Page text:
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Proc Natl Acad Sci U S A. 2009 Sep 29;106(39):16592-7. doi: 10.1073/pnas.0902858106. Epub 2009 Sep 15.

GTP-induced conformational changes in septins and implications for function.

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  • 1Abteilung Strukturelle Biologie, Max-Planck-Institut für molekulare Physiologie, Dortmund, Germany.

Abstract

Septins constitute a group of GTP-binding proteins involved in cytokinesis and other essential cellular functions. They form heterooligomeric complexes that polymerize into nonpolar filaments and are dynamic during different stages of the cell cycle. Posttranslational modifications and interacting partners are widely accepted regulators of septin filament function, but the contribution of nucleotide is undefined due to a lack of detailed structural information. Previous low-resolution structures showed that the G domain assembles into a linear polymer with 2 different interfaces involving the N and C termini and the G binding sites. Here we report the crystal structure of SEPT2 bound to GppNHp at 2.9 A resolution. GTP binding induces conformational changes in the switch regions at the G interfaces, which are transmitted to the N-terminal helix and also affect the NC interface. Biochemical studies and sequence alignment suggest that a threonine, which is conserved in certain subgroups of septins, is responsible for GTP hydrolysis. Although this threonine is not present in yeast CDC3 and CDC11, its mutation in CDC10 and CDC12 induces temperature sensitivity. Highly conserved contact residues identified in the G interface are shown to be necessary for Cdc3-10, but not Cdc11-12, heterodimer formation and cell growth in yeast. Based on our findings, we propose that GTP binding/hydrolysis and the nature of the nucleotide influence the stability of interfaces in heterooligomeric and polymeric septins and are required for proper septin filament assembly/disassembly. These data also offer a first rationale for subdividing human septins into different functional subgroups.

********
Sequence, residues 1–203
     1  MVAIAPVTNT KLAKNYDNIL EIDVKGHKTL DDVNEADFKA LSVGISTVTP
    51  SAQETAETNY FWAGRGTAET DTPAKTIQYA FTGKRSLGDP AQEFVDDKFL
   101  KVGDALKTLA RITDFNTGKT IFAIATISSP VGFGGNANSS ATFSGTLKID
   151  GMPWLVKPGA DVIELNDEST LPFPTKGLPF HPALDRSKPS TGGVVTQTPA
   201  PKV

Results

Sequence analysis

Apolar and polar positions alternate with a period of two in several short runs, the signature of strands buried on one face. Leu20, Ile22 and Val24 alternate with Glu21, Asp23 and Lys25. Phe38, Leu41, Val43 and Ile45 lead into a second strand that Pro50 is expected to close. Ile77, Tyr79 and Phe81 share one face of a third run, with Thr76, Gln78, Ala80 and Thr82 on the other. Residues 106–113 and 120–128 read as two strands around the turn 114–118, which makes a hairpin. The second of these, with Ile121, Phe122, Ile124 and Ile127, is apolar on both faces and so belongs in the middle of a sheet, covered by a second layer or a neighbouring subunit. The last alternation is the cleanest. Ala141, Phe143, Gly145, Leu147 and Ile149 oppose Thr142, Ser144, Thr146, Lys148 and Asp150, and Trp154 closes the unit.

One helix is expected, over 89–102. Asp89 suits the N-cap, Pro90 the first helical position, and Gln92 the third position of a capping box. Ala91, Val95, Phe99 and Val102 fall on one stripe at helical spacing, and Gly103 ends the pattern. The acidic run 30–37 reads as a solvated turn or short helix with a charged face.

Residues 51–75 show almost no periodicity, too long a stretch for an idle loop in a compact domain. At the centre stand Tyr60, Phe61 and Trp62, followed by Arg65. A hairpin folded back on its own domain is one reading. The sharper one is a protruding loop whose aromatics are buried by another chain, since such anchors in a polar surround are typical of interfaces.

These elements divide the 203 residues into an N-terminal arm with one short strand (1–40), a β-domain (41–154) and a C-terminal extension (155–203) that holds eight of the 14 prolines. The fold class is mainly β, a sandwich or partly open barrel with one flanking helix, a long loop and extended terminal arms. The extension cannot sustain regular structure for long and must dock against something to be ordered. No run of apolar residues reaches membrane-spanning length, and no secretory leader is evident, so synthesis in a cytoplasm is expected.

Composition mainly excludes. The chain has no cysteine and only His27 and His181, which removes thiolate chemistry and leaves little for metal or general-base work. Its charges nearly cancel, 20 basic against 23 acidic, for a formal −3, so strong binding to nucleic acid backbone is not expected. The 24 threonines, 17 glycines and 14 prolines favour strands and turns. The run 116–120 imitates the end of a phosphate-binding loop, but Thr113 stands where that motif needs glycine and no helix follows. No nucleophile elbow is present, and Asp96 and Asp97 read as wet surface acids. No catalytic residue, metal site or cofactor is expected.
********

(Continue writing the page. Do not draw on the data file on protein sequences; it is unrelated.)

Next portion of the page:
PMID:
19805342
[PubMed - indexed for MEDLINE]
PMCID:
PMC2757862
Free PMC Article
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